I made this piece for an exhibition in Stamford called ‘Living on the Edge’ that was a spin off from the New Networks for Nature symposium. The remit of the show was to make work in response to the title. It was a thought provoking show and I made Dog Chain Bittern, Tweezer Nosed Frog, a Roesel’s Bush Cricket and Bilhook Badger.
Dog Chain Bittern
Dog Chain Bittern alluded to the success of conservation efforts to help a particular species by setting up reserves.
Tweezer Nosed Frog
The Tweezer Nosed Frog was a reference to how the world has got smaller so that wildlife can be exposed to non native flora and fauna and indeed viruses, in this case the choroid virus that has spread through amphibians and is cited as the cause of extinction of at least one South American frog species.
Roesel's Bush Cricket
The Roesel’s Bush cricket is extending its range in the UK possibly through global warming and by making use of roadside verges.
A badger was an obvious choice as being a mammal in the news due to the TB crisis and an example of a species that is at the centre of a massive controversy involving Government, the farming industry, conservation organisations and the public.
I made a special effort to use plenty of digging tools in the piece as I enjoyed the fact that badgers are honed digging machines.
This limited edition hardback book is packed with images from nearly 60 of our artists. With an introduction by naturalist and broadcaster Chris Packham, a short history of the Society by past President and founder Robert Gillmor, plus text by current President Harriet Mead about the Society in its 50th year and Bruce Pearson looking to the future, this is both a beautiful and informative book. With field sketches, drawings, original prints, oils, acrylics, mixed media, bronzes, ceramics and found object sculpture there are gems on every page. Each of the contributing artists have written short anecdotes about the work that they have donated and funds from the sale of the book will help the Society to encourage and support artists inspired by the natural world through the SWLA Bursaries and other opportunities.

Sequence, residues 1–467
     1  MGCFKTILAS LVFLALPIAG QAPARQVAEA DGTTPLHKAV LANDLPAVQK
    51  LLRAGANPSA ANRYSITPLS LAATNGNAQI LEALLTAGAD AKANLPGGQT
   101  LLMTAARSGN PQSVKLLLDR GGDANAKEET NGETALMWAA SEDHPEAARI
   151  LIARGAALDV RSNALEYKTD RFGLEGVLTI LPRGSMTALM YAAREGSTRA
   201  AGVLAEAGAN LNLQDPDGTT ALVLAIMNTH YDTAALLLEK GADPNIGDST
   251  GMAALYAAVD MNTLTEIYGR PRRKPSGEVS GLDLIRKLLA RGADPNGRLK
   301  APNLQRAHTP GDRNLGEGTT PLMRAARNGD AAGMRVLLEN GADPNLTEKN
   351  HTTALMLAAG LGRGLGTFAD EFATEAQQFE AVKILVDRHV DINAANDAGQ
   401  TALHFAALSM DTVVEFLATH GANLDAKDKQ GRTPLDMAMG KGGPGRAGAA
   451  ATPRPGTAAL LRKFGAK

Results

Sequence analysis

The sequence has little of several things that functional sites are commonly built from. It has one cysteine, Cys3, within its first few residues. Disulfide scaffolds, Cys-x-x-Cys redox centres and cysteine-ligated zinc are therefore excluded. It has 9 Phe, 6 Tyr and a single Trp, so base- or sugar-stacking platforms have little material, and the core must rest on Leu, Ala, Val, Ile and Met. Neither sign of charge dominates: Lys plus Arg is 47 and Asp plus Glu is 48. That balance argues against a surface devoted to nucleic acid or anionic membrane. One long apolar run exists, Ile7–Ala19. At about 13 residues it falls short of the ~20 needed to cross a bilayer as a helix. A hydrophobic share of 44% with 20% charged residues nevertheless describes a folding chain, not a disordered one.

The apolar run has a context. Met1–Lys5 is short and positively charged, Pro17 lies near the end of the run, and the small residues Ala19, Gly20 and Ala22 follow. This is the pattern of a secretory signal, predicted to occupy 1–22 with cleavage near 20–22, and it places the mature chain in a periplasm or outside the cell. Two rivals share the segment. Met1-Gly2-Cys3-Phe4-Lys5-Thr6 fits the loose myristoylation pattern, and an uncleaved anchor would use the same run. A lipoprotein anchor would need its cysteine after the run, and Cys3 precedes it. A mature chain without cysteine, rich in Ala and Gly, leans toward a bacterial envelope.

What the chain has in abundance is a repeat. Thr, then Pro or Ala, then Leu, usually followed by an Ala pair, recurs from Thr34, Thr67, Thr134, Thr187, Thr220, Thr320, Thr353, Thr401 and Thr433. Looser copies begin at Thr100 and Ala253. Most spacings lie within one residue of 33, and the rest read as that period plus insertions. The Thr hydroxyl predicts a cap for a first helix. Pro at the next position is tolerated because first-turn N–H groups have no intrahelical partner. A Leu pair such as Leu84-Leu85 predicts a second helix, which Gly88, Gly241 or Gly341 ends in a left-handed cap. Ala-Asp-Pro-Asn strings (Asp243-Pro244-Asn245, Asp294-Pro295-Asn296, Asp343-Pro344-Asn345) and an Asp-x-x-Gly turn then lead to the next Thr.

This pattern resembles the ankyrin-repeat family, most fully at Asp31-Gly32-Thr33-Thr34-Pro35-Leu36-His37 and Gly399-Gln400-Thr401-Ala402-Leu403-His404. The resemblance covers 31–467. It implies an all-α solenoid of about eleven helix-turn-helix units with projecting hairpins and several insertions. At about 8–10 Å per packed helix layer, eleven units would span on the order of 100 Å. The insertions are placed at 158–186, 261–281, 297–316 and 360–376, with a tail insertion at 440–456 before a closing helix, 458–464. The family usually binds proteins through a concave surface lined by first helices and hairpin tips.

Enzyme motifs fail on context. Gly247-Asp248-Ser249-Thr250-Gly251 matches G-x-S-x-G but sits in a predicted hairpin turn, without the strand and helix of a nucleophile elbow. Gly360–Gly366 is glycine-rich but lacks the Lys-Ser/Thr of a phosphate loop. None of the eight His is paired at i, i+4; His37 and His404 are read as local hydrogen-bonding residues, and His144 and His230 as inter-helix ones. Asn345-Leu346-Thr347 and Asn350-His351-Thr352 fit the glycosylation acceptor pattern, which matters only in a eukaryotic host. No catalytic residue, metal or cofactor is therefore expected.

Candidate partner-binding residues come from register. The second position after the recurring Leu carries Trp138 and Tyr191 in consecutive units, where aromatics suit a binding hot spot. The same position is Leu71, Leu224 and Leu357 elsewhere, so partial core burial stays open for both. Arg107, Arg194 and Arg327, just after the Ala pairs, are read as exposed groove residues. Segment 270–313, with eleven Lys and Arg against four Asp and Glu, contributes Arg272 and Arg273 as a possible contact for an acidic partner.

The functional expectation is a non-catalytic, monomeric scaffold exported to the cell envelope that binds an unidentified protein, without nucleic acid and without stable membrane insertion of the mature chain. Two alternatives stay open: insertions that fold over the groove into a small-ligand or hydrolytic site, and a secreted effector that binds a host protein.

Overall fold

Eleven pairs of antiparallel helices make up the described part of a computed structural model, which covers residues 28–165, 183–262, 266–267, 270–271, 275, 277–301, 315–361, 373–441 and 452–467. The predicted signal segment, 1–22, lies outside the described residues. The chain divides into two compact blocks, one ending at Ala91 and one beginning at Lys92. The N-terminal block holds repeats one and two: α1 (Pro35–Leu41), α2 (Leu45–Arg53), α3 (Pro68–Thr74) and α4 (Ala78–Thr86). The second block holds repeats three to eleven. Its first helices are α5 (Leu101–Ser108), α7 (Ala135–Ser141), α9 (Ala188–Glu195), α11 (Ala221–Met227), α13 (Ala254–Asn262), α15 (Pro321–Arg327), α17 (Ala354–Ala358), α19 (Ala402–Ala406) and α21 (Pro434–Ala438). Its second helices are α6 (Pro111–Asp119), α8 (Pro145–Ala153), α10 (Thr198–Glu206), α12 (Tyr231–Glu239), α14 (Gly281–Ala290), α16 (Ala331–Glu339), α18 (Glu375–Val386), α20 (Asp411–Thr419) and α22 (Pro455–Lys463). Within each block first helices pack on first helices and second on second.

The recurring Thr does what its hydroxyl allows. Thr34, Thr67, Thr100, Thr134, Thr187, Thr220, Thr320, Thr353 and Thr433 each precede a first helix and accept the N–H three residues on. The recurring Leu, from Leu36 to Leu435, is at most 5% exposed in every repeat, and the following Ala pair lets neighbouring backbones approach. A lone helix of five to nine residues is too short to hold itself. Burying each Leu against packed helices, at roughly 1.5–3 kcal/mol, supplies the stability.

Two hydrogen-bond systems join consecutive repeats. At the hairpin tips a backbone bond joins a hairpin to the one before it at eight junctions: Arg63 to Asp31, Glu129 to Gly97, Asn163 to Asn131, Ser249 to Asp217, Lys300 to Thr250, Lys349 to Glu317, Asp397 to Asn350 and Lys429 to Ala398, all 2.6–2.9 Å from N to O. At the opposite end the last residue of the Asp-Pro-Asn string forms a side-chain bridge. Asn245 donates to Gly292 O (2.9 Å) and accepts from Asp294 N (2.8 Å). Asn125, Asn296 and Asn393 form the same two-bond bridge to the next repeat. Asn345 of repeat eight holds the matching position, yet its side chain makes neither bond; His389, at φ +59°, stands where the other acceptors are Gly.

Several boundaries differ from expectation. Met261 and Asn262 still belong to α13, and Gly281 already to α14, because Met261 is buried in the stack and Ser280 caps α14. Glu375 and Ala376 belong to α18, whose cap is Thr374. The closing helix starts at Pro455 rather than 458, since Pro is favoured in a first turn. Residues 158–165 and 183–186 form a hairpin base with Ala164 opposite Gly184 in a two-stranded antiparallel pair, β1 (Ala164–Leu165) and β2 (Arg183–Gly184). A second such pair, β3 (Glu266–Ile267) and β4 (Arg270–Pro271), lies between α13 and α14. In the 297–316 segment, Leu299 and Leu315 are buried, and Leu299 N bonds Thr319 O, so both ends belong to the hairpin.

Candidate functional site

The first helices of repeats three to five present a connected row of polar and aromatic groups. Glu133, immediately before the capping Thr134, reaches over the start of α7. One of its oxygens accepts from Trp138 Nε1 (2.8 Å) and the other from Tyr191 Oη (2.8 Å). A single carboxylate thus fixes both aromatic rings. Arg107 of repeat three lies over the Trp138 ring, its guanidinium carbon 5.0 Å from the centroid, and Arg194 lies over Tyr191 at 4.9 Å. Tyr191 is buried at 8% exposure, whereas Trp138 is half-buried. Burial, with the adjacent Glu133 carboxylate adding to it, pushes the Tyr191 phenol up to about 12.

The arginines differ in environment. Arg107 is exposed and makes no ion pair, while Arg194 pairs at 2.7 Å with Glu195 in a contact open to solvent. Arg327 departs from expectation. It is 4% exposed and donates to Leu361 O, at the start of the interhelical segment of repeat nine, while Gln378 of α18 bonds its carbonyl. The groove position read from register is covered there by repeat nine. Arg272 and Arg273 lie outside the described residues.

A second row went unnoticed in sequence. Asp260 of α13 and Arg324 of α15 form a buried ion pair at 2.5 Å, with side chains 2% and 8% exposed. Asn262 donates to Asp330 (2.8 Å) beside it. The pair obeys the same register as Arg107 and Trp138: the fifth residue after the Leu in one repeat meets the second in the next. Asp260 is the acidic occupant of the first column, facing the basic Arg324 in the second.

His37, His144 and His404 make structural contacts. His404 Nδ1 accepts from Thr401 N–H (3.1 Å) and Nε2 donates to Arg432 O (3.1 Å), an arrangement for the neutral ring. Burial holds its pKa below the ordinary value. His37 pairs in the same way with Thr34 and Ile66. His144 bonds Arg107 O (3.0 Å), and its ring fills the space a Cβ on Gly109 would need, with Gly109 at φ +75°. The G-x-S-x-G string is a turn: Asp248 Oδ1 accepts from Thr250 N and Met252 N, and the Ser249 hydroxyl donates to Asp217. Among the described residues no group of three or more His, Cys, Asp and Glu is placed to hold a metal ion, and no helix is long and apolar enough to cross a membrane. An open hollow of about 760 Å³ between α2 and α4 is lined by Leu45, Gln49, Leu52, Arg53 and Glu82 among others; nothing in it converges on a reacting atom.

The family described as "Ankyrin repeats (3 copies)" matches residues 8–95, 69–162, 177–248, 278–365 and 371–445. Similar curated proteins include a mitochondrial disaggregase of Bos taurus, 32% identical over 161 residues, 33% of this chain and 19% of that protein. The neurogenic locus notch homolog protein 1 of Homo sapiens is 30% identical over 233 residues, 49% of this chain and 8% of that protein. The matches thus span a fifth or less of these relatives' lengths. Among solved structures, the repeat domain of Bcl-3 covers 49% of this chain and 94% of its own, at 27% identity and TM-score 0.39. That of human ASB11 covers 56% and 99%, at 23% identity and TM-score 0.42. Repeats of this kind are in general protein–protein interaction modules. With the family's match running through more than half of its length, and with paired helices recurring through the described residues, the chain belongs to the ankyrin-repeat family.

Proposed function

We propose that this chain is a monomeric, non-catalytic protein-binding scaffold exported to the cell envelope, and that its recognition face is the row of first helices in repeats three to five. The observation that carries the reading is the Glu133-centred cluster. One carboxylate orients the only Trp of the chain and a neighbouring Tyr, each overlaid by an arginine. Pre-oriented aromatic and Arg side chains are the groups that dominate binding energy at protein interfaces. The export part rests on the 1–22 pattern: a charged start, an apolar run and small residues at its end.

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BBC Wildlife Magazine’s ‘Book of the Month’.
‘A hugely impressive treasury of fine art inspired by the natural world’ Jonathan Elphick, writer and naturalist
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‘A whole world of wildlife is brought into the room with you, brimming with the essence of each subject, telling stories, and setting up wonder in our enquiring minds’ Andy Clements, Director of the British Trust for Ornithology
At only £20 plus p&p it makes an affordable and desirable addition to any art or wildlife lovers bookshelf.
AVAILABLE FROM SWLA WEBSITE